Advance apologies for starting the New Year on a down note, however the topic of boxwood blight has been on my mind since fall. I am still somewhat in denial, hoping the problem will go away if I don’t talk or write about it. Sadly though, my magical thinking isn’t working. Like other uncomfortable reality checks, especially those connected to the roller-coaster of climate disturbance, boxwood blight is here for the foreseeable future.
WHAT IS BLIGHT?
Boxwood blight is a fungal disease spread by spores carried via air and wind. High temperatures, humidity, overhead watering and rain create ideal vectors for the spread of blight. This year’s unprecedented rainfall and high humidity created the perfect combination for rapid spread of the disease.
Once a plant is infected, the disease spreads very quickly, easily defoliating entire hedges within days. The damage can be sudden and dramatic, and once diagnosed, there is no treatment or cure. Affected plants have to be carefully removed along with all associated leaf debris. The debris cannot be composted and must be kept separate from other plant material. Tools used to remove affected plants must be disinfected in order not to further spread the disease. Even shoes, clothing, birds and other small animals can carry blight from one garden to the next! Making matters worse, soil hosts the fungal spores for up to 6 years, making replanting of new boxwood in the same location ill-advised. Even with removal of soil, introducing boxwoods again to the same plant bed is highly risky, although some cultivars are considered more resistant than others.
Blight was first identified in England in the mid 90’s but didn’t reach the US until 2011 when cases were reported in Connecticut and North Carolina. It moved on to Delaware, Virginia, Pennsylvania and a handful of other states, with the earliest cases confirmed in New Jersey in 2013.
Although aware of box blight traveling ever closer, I still hoped our gardens would be spared. This summer, however, over a dozen cases were confirmed in the Montclair/Glen Ridge area and reality set in.
WHAT TO LOOK FOR
Boxwood blight appears first as light brown spots on the leaves. Spots enlarge, often with concentric circles, until entire leaves are affected and then drop completely off the plant. The fungus also infects the wood resulting in dark brown to black “diamond-shaped” lesions and stem dieback. The disease spreads very rapidly with plants fully defoliating in a short period of time. It’s important to have professional diagnosis and confirmation. Boxwoods are affected by other diseases which may cause similar looking damage.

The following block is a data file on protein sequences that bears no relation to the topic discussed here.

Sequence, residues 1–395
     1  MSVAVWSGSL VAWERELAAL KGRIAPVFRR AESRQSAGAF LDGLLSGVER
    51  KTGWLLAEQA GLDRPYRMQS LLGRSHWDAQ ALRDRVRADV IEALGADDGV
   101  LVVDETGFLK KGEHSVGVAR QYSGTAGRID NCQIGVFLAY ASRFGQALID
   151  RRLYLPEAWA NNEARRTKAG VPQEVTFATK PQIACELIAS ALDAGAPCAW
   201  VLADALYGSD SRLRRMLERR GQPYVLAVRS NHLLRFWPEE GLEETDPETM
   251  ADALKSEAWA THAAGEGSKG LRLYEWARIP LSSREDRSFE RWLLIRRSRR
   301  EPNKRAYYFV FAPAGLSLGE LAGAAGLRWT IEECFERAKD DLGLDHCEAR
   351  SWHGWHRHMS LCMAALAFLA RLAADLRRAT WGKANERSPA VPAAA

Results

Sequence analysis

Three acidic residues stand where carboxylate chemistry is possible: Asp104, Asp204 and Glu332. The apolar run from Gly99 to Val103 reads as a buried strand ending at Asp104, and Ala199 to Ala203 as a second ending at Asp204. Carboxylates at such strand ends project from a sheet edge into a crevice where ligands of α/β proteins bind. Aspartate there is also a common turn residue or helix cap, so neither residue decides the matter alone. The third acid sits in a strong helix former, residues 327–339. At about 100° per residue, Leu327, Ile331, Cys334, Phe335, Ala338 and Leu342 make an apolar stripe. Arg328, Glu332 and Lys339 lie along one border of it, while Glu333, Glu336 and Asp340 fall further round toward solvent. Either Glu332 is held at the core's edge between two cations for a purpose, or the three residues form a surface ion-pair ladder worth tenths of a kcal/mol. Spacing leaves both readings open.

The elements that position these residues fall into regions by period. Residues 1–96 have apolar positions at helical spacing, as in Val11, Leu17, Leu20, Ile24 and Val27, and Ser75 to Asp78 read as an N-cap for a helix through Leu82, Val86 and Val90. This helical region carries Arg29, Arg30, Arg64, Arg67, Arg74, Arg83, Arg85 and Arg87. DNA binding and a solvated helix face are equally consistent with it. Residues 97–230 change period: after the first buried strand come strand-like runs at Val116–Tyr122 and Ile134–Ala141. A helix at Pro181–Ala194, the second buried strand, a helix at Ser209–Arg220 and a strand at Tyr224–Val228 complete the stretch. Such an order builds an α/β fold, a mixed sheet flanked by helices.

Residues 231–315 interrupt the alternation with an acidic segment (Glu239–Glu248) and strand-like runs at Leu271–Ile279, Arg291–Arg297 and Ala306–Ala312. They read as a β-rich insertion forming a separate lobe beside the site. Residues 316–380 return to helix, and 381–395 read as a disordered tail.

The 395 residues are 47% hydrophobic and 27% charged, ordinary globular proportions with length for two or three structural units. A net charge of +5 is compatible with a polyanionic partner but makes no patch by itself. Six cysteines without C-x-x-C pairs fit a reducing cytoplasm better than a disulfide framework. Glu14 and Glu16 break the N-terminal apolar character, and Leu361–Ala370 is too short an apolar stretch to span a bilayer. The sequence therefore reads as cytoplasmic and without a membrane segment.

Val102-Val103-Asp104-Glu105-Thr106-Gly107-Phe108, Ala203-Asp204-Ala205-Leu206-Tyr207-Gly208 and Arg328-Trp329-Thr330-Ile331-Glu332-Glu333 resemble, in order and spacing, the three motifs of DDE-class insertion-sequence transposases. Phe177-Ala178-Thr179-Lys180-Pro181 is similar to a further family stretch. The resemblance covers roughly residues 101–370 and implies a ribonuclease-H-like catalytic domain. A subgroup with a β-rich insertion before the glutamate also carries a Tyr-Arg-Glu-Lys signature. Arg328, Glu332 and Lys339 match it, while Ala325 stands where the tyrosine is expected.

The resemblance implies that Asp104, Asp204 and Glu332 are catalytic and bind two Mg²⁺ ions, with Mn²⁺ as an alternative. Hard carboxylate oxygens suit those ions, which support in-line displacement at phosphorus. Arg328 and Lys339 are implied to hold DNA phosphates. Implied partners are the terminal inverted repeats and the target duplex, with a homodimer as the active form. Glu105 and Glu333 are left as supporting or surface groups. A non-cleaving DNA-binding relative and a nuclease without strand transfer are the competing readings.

WHAT TO DO?
Beyond the damage and loss to properties of old and new boxwoods, two main questions arise: how to manage or prevent the spread of blight and what to substitute if boxwoods have to go away?
Prevention seems to be the best and only method for management right now with fungicide treatments sprayed throughout the growing season. Just as boosting the immune system staves off illness, the same is true for the plants. Spray treatments have to be applied to the full plant (all leaves and stems) and rainy weather will increase the frequency of treatments required. I recommend having your current landscape inspected by a trained specialist and following his or her recommended protocol for plant protection. Further, monitor overhead irrigation keeping it to a minimum especially during periods of high humidity or after heavy rainfalls. Consider planting boxwoods farther apart to promote air circulation and to slow disease spread.
It’s not an overstatement to say that boxwoods are the backbone of the landscape industry and that there is no real substitute. As a broad-leafed evergreen they create architectural structure, are winter hardy, deer resistant and even tolerate a good amount of shade. They are indisputably beautiful for hedging and take well to shaping and pruning. If boxwoods are now ‘high risk’ investments, what can be substituted?
Selections to consider are:
No other shrub possesses as full a range of benefits as the boxwood, so here’s hoping that the industry quickly will be able to both treat diseased plants and develop truly disease resistant cultivars. I still plan to use them, but more sparingly and with client consent that risk is involved. I can’t go cold turkey on one of my favorites, and remain eternally optimistic that the industry will eventually find us a way out of this dilemma.
The Suburban Lot is a monthly blog that highlights topics and issues unique to the suburban landscape. For assistance with any of the above information please contact Mierop Design, a complete resource for landscape design, installation, outdoor furnishings and property maintenance services.